Edward VI,third king of England of the Tudor dynasty, born Oct. 12, 1537, ascended the throne in 1547, and died July 6, 1553. The son of Henry VIII. and Jane Seymour, he was little cared for by the three stepmothers whom he had in quick succession; but at the age of six years, being intrusted to the learned masters Anthony Cooke and John Cheke, he made progress in philosophy, divinity, Greek, and Latin. Henry VIII. appointed in his will a council of executors to exercise the royal authority during the minority of his son, who at their first meeting, fearing that the government would lose its dignity for want of some head to represent the royal majesty, bestowed upon Edward Seymour, now created duke of Somerset, or allowed him to assume, the titles of governor of his majesty, lord protector of all his realms, and lieutenant general of all his armies. Sir Thomas Seymour, the brother of Somerset, was created Baron Seymour of Sudley, and appointed lord high admiral. The government was almost entirely Protestant, and its first object was to complete the religious revolution and establish a church independent of the see of Rome. The statute of the six articles was repealed, prisoners under it were released, and exiles were recalled.

Preaching, which had been rare in Catholic times, was enforced by visitors despatched throughout the kingdom, who were authorized to require that four sermons be preached every year in every church against the papacy. Images, which Luther had tolerated as aids to devotion, and of which Cranmer vindicated a moderate use, became objects of dislike, and were torn down in places where they had been honored by pilgrimages and offerings. The English Bible, with Erasmus's commentary on the gospels, was placed in every church for the use of the people. In the first parliament the statutes of Richard II. and Henry IV. against the Lollards were repealed, together with all the acts in matters of religion passed under Henry VIII., except those directed against the papal supremacy. The uniformity of public worship was established, and all ministers were enjoined to use only the "Book of Common Prayer." The English clergy were emancipated from compulsory celibacy, though it was recommended to them " to live separate from the bond of marriage, for their own estimation, and that they might attend solely to the ministration of the gospel." There were as yet no Protestant nonconformists, but all persons were commanded to attend public worship under pain of ecclesiastical censures, of six months' imprisonment for the first offence, twelve for the second, and confinement for life for the third.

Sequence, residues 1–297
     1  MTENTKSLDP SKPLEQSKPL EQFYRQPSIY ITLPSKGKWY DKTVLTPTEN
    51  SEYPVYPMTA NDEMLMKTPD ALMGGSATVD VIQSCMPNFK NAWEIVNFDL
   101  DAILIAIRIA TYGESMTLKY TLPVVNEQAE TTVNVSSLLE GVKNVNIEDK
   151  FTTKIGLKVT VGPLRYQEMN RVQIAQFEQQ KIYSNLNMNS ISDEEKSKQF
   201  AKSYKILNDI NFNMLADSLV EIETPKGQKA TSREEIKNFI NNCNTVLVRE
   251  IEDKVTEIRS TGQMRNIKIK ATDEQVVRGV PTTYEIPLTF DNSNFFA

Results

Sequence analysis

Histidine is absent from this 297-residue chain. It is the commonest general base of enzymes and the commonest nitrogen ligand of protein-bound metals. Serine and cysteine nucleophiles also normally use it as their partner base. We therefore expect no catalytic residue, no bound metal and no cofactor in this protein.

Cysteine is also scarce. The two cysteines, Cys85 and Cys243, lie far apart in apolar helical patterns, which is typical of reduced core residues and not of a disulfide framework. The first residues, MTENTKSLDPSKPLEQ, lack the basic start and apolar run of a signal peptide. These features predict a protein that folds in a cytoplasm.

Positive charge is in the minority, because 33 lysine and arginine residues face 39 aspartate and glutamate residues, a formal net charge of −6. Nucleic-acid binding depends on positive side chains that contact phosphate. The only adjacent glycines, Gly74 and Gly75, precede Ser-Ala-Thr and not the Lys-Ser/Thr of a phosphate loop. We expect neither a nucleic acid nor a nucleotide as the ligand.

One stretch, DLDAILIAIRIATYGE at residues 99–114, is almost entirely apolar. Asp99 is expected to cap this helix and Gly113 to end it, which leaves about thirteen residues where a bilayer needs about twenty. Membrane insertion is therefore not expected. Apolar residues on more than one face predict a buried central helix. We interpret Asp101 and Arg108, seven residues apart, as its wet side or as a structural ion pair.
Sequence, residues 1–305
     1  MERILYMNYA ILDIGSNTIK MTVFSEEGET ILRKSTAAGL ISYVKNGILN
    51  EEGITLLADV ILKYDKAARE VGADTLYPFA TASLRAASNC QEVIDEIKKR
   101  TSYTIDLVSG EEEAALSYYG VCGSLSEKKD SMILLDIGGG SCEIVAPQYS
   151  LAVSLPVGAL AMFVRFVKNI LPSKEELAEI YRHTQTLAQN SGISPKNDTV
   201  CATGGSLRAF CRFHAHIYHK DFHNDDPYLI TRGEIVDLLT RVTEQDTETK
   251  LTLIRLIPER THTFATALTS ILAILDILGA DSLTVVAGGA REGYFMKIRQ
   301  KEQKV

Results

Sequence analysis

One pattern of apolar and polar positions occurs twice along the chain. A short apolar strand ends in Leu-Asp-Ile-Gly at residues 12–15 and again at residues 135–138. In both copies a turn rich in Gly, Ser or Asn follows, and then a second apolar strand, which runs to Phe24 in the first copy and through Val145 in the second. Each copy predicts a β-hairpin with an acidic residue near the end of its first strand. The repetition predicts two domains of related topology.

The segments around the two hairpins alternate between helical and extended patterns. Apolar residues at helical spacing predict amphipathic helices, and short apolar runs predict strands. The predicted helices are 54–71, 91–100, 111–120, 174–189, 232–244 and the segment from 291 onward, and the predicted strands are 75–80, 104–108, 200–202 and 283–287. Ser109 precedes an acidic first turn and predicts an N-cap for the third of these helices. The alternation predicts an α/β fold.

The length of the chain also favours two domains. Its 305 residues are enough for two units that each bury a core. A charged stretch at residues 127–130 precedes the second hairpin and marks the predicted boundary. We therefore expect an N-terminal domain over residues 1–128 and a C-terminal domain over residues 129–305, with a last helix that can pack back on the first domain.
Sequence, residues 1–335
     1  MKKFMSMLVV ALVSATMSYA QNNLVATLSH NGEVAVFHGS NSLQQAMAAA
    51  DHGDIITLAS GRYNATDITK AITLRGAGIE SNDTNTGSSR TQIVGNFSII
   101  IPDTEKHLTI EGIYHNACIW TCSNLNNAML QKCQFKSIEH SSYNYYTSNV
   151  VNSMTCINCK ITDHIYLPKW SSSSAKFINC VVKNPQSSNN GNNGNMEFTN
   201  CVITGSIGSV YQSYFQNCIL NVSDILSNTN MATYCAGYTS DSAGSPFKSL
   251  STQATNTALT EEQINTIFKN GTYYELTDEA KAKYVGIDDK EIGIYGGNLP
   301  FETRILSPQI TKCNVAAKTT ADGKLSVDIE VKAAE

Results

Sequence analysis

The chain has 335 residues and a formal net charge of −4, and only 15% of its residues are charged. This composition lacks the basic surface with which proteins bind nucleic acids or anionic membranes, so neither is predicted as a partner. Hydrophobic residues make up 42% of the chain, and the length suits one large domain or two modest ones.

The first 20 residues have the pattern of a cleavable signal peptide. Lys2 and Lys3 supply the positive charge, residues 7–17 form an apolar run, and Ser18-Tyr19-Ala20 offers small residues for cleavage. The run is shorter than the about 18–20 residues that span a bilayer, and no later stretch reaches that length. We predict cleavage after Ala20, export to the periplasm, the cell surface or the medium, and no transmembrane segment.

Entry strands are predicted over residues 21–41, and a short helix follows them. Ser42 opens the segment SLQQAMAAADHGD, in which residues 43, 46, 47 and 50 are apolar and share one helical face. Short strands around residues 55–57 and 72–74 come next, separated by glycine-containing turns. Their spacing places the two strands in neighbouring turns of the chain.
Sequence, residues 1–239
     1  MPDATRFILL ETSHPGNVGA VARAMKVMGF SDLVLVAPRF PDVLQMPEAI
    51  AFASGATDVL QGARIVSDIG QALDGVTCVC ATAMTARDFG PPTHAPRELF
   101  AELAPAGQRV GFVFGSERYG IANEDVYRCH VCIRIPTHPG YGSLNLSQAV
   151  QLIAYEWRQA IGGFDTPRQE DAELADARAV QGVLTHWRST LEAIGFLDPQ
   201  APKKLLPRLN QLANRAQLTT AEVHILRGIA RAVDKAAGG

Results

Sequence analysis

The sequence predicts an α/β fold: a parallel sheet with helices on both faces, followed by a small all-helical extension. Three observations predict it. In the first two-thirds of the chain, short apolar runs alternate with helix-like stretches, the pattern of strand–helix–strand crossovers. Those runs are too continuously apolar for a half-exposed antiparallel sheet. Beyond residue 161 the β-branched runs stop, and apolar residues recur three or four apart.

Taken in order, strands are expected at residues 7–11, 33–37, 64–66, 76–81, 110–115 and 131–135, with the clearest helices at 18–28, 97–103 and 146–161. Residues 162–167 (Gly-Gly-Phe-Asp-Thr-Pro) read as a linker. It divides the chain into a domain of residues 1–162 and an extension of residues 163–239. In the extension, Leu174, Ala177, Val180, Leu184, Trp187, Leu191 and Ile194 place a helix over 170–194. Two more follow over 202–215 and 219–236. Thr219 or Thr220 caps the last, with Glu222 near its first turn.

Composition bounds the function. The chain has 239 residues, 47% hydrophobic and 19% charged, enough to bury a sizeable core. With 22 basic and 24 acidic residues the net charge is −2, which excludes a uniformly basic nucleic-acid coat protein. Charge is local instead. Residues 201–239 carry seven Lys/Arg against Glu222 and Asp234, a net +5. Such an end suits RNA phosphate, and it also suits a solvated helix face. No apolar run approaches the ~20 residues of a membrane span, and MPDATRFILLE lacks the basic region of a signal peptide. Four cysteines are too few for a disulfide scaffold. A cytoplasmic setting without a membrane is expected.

Bonner, bishop of London, Gardiner, bishop of Winchester, and several others, were deprived of their sees because they could not keep pace with the reformatory movement. The first step toward religious liberty was a distinction, recognized practically though not by canon, between what were supposed to be the essential and the unessential parts of Christianity, and only offences against the former were liable to deadly persecution. Thus, no Roman Catholic suffered death for religion in this reign; but Joan Bocher, commonly called Joan of Kent, was burned for an unintelligible heresy, which denied something, though her words vainly struggled to explain what, concerning Christ. Van Parris, a Dutchman, was also burned for denying the divinity of the Saviour. Among civil occurrences in this reign, the first of importance, after the settlement of the government, was the expedition of Somerset into Scotland to compel the marriage of Mary, the young queen of Scots, to Edward, according to a previous treaty. A bloody encounter, begun between the Scottish and English cavalry at Falside, Sept. 9, 1547, was continued the next day between the entire armies at Pinkie, and ended in the victory of the English protector.